People often try to use metaphors to explain meditation. Some stay pragmatic and compare it to physical exercise, while others get lofty and talk about ocean waves crashing on the side of a mountain.
These metaphors are aiming to make the practice more tangible, because the reality is, it’s quite a subtle thing. You’re trying to achieve a “meditative” state of mind, but what exactly does that mean? There’s no simple answer. No one other than you can experience your consciousness. It’s up to you to find your way.
Teachers can help point to techniques, share things they’ve learned, and support you through emotional discoveries, but ultimately the practice is yours to explore. Meditation is a process of personal experimentation and discovery. As you practice, trust your own experiences and insights – there’s no higher authority than your own experience.
Many find that a playful, curious approach helps a lot in the early stages. Being open and ready to try different techniques, positions, tools, lengths, and locations is key. When practicing with Muse, you may also learn from experimenting with your soundscape settings as you search for a feedback loop that feels right.
Here are some Muse soundscape settings to play with:
To access these soundscape settings, connect your headband, start a session, and then tap the volume icon in the top right corner.
Gentle and Soft
Turn up the background volume while reducing both the feedback and birds volumes to make the soundscape much gentler. If you find the feedback too distracting, this can help a lot.
Silence the Birds
If you find the birds distract you too much, you can simply turn their volume down to zero. They’ll still be counted in your session report and data – you simply won’t hear them.
Focus on Real-time Feedback
The background sound helps ground the soundscape and prevents total silence from becoming a distraction when you’re calm. Turning up the feedback and birds and setting the background to zero can feel like a very different experience, so it’s worth exploring.
Turning off the Sound
It can also be instructive to explore having no sound feedback at all to see how different it feels. You’ll still get a full session report with all your data after the session.
When playing with your soundscape settings, try to find a feedback loop where Muse supports your focused attention on the breath without getting in the way. You’re looking for volume levels where your wandering mind is pulled back to the breath, but your focused mind is not pulled away from the breath.
Your preferred settings may be different from those of other Musers, and they may also change over time as your practice evolves. If you ever find yourself frustrated or unable to find settings that work for you, remember to bring back that playful curiosity and enjoy the process of exploration itself. Good luck!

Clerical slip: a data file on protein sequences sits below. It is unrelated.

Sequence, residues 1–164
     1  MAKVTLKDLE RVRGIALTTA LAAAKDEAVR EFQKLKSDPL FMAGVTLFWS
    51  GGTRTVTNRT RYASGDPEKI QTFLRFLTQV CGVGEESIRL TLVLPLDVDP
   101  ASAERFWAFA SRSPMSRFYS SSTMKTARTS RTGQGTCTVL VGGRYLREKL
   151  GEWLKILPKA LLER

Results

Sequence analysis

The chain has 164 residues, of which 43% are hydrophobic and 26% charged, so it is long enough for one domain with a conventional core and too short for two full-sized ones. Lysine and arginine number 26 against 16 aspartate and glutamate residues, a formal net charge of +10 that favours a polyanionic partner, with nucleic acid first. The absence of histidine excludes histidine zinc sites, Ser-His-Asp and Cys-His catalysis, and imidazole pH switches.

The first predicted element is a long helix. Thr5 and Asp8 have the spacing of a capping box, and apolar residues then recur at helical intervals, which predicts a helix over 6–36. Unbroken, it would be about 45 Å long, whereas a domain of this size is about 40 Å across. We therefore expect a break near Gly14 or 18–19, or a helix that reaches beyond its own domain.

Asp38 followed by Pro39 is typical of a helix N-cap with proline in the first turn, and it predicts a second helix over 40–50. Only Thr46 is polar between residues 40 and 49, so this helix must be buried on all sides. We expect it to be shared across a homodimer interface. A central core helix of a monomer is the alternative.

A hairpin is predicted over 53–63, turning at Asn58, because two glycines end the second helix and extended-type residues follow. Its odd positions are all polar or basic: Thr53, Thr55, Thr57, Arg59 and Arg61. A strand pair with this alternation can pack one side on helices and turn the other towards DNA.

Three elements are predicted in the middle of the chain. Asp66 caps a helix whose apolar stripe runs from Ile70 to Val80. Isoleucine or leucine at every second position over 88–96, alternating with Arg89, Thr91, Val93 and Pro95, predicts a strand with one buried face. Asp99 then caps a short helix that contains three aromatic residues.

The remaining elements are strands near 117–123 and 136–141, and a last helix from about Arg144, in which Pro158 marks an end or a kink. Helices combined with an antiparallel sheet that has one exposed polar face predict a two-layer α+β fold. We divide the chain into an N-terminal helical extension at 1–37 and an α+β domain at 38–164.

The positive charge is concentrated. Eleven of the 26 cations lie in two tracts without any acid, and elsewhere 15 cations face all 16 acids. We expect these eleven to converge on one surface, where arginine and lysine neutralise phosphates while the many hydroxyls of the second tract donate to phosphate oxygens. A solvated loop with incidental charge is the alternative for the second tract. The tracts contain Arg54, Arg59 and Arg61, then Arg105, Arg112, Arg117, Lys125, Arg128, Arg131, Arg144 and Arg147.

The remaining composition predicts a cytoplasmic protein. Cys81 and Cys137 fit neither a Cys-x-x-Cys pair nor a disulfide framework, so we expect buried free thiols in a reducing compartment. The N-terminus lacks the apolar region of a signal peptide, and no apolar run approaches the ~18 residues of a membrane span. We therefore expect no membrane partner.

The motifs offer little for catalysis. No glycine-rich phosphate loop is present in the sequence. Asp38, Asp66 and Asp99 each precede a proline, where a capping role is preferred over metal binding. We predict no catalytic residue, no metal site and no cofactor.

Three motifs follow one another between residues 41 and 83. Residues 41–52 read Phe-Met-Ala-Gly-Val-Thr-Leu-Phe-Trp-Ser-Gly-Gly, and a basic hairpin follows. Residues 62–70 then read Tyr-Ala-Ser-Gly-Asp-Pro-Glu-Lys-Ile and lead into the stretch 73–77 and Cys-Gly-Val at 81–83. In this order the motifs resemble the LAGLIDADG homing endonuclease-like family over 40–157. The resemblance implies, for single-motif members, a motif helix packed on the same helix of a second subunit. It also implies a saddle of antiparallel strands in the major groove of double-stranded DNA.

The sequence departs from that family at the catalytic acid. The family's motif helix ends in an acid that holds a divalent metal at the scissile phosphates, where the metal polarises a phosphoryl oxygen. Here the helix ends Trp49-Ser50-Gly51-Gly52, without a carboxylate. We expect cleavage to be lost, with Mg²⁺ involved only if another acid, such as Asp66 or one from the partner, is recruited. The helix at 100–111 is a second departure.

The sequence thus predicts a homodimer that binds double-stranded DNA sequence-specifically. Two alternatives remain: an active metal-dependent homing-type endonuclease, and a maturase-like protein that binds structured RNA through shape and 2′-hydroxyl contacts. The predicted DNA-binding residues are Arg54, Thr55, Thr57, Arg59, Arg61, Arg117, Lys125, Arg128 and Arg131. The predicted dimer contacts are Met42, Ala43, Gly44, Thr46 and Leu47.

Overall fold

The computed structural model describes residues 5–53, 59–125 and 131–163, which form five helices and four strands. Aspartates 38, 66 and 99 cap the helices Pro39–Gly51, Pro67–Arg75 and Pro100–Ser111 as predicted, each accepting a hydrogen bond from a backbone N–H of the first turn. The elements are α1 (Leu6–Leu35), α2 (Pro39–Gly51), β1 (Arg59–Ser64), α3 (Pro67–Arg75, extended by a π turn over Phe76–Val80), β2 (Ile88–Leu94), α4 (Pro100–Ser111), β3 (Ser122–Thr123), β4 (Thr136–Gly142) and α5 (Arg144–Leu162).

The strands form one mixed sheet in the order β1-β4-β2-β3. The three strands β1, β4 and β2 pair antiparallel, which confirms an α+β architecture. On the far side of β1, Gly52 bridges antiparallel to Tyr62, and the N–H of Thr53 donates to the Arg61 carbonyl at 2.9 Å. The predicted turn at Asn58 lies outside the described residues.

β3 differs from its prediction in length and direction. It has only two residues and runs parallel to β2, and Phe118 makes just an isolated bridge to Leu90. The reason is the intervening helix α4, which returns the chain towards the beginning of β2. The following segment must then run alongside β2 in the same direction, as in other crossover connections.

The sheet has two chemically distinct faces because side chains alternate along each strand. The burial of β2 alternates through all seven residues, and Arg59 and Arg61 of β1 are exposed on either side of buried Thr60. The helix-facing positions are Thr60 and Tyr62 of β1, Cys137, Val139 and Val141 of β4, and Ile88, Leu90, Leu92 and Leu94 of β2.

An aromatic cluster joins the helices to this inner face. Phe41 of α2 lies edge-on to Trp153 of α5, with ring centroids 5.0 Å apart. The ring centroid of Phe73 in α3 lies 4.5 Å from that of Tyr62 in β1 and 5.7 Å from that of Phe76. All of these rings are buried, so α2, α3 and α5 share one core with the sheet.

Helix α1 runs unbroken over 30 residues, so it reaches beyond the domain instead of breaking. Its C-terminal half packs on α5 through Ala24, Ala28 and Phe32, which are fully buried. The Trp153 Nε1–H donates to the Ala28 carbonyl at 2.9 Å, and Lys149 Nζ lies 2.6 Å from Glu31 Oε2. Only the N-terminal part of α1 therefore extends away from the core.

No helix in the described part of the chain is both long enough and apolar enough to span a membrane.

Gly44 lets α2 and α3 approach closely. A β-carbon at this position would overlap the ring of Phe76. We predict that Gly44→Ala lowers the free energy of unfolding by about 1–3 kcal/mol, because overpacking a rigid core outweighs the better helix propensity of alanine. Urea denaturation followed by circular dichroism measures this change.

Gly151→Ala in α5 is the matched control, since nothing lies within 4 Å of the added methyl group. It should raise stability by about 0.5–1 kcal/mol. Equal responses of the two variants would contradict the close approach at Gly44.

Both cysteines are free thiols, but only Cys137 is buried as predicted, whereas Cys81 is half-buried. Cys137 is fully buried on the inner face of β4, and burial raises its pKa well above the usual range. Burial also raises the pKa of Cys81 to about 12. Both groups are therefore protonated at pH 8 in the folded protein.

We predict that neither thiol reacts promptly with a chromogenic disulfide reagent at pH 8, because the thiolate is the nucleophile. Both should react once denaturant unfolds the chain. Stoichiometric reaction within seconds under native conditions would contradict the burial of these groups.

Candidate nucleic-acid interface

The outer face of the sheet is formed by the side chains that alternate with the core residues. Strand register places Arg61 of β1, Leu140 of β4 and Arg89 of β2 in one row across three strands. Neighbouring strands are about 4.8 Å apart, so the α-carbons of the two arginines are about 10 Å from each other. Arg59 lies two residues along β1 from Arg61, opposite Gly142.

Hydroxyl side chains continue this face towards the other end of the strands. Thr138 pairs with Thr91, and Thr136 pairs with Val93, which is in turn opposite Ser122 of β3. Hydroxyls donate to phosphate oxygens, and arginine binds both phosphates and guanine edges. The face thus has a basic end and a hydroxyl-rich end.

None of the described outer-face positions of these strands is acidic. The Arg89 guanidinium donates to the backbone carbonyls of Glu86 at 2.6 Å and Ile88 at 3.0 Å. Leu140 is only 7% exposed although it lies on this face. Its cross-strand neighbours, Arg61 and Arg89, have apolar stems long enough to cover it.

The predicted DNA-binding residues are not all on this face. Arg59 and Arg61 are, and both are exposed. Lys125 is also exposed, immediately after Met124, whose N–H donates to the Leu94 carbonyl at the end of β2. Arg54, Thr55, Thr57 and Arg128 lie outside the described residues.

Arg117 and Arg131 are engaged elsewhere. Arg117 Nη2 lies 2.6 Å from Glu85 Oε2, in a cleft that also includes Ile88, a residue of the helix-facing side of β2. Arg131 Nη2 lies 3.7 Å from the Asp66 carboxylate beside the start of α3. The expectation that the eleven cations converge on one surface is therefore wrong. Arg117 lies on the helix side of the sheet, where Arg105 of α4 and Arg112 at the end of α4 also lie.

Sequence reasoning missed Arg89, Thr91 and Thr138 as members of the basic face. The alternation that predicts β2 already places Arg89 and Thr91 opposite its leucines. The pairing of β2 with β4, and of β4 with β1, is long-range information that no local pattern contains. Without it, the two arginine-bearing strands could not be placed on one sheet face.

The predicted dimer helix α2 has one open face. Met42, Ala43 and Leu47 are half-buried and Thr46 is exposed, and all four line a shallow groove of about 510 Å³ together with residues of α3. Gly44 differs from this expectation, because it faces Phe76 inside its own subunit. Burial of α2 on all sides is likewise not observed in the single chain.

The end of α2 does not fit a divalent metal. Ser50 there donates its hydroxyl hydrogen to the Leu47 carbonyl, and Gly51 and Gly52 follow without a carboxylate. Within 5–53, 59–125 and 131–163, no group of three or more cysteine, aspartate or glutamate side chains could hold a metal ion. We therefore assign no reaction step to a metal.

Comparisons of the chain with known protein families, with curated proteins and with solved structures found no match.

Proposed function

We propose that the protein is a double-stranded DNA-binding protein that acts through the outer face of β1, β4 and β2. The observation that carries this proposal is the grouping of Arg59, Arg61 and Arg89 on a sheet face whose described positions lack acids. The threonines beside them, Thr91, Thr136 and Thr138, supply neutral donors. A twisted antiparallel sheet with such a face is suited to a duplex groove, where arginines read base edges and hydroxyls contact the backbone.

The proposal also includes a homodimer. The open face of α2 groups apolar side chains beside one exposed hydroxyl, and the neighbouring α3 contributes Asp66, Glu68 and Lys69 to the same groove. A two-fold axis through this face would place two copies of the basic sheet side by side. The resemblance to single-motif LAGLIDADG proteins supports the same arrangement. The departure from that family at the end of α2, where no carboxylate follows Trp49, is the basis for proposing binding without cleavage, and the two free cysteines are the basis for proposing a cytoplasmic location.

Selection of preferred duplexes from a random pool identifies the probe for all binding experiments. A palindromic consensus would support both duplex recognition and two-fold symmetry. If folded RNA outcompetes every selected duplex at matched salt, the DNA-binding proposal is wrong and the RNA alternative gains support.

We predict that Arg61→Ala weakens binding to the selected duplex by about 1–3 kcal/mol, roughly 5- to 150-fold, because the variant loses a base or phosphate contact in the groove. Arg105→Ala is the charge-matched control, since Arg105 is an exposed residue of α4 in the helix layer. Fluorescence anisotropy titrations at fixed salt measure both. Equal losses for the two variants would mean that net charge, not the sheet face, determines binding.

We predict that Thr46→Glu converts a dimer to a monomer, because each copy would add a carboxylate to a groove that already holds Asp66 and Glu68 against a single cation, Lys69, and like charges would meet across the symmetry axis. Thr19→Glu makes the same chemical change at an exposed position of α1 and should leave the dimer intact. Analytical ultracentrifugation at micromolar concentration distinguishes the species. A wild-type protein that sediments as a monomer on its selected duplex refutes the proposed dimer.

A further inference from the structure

Stress has been proven to impact student performance. In 2008, five researchers conducted a study to evaluate the impact on stress during two 8-week, 90-minutes per week training programs for college undergraduates using meditation-based stress-management programs. Their study concluded that, “Meditation-based stress-management practices reduce stress among college undergraduates.”
One student who has been impacted by stress is Christine. She’s a third year English and Creative Writing student at The University of Western Ontario, and she visited Student Services asking about ways to manage her stress. A psychology professor suggested that Christine try Muse since, as part of an ongoing program, they were being loaned out to students through Student Services for the purposes of stress management and meditation.
Before meditating with Muse, Christine thought that in order to meditate one had to think about absolutely nothing. She had dabbled and dropped into a few mindfulness-based meditation classes on campus, but never felt compelled to continue meditating on her own. Christine felt skeptical and unsure if meditation would really work for her.
“Meditation-based stress-management practices reduce stress among college undergraduates.” – Journal of American College Health
In her first Muse meditation session, and to her own surprise, she found herself focusing on her breath, body, posture, and the present moment. When asked about the experience and data that Muse provides Christine replied,“I thought it was pretty cool that it seems to pick up my brainwaves. At first I was frustrated at my mind being all over the place. But, it actually really worked for me over time by helping me take control of my own thoughts.”
Christine was so satisfied with her initial Muse experience that she later purchased, using a student discount, a headband through the university. After a few weeks of practice, she made Muse part of her daily routine. Once classes and day activities are over, Christine commits to at least 7 minutes of Muse meditation using the beach soundscape – her favorite. She believes the regularity of her practice has facilitated changes in her life and expressed enthusiastically,“I now notice when I feel myself get worked up, stressed out, or anxious… I just think okay… I will just think about what I do when I use Muse. I imitate that meditative state that I go into.. And now I find it’s easier to slip into that state and calm myself down.”